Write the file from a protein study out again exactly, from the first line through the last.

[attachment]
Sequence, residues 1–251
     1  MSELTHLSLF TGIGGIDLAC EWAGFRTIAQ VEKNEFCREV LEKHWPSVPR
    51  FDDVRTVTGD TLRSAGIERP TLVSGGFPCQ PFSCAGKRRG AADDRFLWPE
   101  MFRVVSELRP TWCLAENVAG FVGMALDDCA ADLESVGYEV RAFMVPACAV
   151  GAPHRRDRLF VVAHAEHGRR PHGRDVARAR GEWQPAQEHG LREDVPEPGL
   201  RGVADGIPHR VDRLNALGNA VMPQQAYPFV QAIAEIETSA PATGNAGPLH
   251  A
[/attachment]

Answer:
Sequence, residues 1–251
     1  MSELTHLSLF TGIGGIDLAC EWAGFRTIAQ VEKNEFCREV LEKHWPSVPR
    51  FDDVRTVTGD TLRSAGIERP TLVSGGFPCQ PFSCAGKRRG AADDRFLWPE
   101  MFRVVSELRP TWCLAENVAG FVGMALDDCA ADLESVGYEV RAFMVPACAV
   151  GAPHRRDRLF VVAHAEHGRR PHGRDVARAR GEWQPAQEHG LREDVPEPGL
   201  RGVADGIPHR VDRLNALGNA VMPQQAYPFV QAIAEIETSA PATGNAGPLH
   251  A